By Martin Tompa and Siva German
I have been a JewishGen member for more than 13 years. Over the years I have been contacted by many other members looking into similar surnames or villages, but there has never been even a hint of successful connection. Until this past May.
Siva German (who lives in London, UK) and I (who live in Seattle, USA) both subscribe to JewishGen’s AustriaCzech SIG mailing list. In April, I had posted a message there in which I listed, among other surnames, my interest in the Schück family. Siva replied to me, saying that her mother’s maiden name was Schück and telling me what little she knew about her Schück family. Among other names in her initial message, she said her great-grandfather Josef Schück had a brother of unknown name with children named Helene, Rudi, and Emmi. I didn’t recognize any of the other names in her message, but these were the names of three of the seven siblings of my grandmother Ottilie Schück. This seemed unlikely to be coincidence.
We exchanged some rapid and excited messages, and it didn’t take long to establish that Siva and I are third cousins. Some more research in the Czech Jewish records found in the marvelous Badatelna registers on the internet took us from Böhmisch Leipa (now Česká Lípa in the Czech Republic), where my grandparents were born, to Hlinsko 200 km away, where we uncovered our common great-great-grandparents Salomon and Anna Schick (each born about 200 years ago) and the birth records of their children, our great-grandparents. One curious thing is that Siva’s grandfather Julius Schück and my grandmother Ottilie Schück, who were first cousins, lived in Vienna at the same time in the early 1900s, yet Siva knew only those three names from my side of the family, and neither I nor any of my close relatives knew anything at all of Siva’s side of the family.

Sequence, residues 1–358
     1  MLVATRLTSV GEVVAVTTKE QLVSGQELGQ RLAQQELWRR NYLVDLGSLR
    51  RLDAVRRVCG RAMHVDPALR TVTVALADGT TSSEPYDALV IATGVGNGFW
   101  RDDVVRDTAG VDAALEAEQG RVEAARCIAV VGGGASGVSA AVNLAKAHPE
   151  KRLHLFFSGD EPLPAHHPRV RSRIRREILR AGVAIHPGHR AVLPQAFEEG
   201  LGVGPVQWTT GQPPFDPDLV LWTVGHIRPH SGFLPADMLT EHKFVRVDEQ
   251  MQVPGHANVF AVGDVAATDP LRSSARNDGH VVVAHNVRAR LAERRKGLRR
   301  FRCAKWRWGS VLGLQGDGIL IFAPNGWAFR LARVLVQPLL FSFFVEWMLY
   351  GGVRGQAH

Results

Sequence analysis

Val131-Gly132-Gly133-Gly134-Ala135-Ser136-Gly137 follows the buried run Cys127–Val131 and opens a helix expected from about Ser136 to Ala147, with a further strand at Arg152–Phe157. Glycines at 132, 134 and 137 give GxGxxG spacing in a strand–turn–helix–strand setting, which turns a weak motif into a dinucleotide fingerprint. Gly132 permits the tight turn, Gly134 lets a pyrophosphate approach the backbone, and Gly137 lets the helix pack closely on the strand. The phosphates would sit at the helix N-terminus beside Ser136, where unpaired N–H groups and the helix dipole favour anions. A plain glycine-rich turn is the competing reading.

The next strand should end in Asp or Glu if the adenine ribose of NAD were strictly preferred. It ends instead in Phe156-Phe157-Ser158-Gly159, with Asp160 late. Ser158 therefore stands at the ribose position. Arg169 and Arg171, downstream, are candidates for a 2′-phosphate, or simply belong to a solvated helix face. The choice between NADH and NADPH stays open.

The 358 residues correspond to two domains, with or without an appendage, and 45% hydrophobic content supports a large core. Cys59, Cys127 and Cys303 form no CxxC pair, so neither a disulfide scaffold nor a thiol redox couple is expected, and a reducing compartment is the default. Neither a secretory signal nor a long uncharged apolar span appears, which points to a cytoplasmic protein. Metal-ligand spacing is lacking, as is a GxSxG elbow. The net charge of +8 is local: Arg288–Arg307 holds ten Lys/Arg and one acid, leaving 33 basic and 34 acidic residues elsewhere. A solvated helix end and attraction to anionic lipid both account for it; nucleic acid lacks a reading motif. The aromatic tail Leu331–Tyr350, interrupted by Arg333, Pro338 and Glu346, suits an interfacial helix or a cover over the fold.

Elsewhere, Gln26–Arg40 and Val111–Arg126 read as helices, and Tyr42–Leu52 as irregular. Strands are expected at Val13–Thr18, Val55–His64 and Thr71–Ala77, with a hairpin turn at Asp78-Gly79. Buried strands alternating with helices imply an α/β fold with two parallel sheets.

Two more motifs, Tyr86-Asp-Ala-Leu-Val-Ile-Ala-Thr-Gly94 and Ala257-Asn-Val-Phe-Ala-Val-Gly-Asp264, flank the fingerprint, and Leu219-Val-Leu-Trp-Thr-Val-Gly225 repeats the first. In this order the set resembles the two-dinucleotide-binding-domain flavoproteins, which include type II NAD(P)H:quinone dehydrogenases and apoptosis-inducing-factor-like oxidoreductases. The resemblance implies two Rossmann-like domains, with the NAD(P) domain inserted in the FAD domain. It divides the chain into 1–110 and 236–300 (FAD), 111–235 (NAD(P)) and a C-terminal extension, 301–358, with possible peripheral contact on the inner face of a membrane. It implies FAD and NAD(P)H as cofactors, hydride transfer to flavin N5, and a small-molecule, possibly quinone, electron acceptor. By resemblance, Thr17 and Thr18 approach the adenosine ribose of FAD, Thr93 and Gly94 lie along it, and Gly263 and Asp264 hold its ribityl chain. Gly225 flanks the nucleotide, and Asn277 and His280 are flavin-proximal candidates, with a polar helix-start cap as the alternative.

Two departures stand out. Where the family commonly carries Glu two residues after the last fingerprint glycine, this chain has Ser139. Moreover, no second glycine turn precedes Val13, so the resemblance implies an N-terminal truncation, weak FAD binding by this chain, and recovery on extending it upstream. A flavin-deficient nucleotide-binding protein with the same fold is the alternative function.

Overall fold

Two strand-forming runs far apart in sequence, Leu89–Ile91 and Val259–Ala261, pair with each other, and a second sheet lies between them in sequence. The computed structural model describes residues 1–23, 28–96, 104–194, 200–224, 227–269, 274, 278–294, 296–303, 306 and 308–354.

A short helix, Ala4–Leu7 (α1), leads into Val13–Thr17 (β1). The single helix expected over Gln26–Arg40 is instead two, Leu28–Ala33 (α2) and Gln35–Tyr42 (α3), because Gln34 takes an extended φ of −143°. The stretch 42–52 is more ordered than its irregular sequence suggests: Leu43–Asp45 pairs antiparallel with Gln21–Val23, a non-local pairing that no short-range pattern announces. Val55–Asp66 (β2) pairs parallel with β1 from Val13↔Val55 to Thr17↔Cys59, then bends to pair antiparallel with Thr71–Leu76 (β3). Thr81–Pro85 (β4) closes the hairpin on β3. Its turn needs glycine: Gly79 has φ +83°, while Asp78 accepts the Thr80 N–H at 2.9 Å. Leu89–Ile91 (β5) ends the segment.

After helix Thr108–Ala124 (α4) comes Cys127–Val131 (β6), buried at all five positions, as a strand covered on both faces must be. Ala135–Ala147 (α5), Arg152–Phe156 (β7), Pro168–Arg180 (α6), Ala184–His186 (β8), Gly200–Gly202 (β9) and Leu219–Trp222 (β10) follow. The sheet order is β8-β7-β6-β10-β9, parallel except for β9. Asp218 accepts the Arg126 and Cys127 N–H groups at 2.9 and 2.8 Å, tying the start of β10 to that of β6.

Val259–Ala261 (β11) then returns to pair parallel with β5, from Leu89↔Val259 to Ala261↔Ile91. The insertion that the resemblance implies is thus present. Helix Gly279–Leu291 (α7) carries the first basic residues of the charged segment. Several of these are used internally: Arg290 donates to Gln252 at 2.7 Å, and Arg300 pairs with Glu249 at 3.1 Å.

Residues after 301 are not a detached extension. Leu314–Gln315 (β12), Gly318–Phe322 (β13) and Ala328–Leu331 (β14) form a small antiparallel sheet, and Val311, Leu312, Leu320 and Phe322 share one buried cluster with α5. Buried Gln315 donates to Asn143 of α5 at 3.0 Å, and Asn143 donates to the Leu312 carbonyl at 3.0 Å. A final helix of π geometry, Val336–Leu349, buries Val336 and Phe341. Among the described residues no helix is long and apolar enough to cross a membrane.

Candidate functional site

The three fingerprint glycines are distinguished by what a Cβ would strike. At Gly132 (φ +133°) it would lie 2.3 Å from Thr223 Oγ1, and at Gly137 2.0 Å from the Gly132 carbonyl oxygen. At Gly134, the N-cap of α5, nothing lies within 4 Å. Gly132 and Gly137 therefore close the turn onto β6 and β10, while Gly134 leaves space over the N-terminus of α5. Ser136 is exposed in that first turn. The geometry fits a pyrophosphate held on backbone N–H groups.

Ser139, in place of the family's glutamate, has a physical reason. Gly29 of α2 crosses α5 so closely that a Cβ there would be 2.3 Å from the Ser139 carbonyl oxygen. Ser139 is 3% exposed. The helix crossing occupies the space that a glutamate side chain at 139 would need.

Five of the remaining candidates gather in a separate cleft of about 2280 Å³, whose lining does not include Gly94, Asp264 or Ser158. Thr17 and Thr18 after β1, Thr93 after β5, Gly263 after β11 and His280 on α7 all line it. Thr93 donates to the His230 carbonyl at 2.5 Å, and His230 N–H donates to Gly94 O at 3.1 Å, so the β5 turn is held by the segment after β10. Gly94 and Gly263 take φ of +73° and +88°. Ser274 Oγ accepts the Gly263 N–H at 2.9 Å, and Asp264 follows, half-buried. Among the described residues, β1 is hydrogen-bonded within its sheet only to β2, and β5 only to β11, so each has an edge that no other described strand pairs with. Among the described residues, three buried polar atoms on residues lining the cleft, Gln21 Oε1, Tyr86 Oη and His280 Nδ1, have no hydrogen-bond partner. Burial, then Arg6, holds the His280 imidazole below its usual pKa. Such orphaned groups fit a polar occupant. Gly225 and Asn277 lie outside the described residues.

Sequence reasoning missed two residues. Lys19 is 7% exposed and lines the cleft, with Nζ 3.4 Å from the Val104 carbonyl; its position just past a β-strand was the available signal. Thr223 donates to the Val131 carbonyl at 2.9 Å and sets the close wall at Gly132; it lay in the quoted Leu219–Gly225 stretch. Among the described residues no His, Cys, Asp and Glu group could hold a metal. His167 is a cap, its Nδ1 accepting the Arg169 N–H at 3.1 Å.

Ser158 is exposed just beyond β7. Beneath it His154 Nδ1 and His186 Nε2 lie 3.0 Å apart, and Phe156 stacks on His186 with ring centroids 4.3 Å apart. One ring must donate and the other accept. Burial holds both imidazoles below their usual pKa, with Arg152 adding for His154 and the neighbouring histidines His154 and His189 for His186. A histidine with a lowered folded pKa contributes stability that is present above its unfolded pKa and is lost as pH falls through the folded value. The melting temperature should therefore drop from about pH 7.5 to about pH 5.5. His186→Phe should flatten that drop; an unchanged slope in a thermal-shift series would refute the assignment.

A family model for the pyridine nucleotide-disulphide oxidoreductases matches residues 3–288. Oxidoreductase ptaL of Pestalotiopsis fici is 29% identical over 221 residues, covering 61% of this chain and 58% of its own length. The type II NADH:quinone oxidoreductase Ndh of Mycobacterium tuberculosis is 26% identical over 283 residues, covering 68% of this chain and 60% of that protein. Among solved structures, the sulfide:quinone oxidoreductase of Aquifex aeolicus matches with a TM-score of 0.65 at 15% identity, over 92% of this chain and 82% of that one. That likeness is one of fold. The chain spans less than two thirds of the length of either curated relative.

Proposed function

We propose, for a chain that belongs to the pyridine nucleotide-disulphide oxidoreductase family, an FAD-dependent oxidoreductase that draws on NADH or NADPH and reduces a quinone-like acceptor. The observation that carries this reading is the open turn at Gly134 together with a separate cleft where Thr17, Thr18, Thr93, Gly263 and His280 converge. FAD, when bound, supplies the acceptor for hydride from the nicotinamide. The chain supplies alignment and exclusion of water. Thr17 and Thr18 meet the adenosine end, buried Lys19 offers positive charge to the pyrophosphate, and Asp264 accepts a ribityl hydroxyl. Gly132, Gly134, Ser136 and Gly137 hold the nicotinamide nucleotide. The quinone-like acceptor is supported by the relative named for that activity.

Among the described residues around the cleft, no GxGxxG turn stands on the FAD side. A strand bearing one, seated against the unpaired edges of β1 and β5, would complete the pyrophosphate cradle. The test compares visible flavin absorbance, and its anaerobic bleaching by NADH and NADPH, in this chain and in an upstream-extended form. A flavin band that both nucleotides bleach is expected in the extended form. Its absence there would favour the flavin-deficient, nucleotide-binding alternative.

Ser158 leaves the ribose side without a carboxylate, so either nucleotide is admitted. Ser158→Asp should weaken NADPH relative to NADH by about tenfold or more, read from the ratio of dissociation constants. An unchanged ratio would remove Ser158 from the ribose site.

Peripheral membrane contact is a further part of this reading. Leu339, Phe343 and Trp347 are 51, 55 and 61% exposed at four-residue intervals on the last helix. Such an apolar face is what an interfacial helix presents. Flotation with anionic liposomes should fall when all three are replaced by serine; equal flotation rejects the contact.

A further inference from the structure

On June 15, just a month and a half after our first contact, Siva and I met in Paris for a day, as we both happened to be in France. Siva met my train at the Gare du Nord and we spent a delightful day together walking around the city, telling stories about family past and family present, and talking about our parents and about our childhoods. We found that there were many parallels in our upbringing. We shared inherited photos of family gatherings in Vienna in the early 1900s, but unfortunately neither of us recognized any faces in the photos supplied by the other, adding to the mystery of what might have kept our ancestors apart during those Vienna years.
We continue to exchange messages about our lives and genealogy discoveries and we look forward to our next opportunity to meet. It is wonderful to have found each other through JewishGen.
Seattle, Washington, USA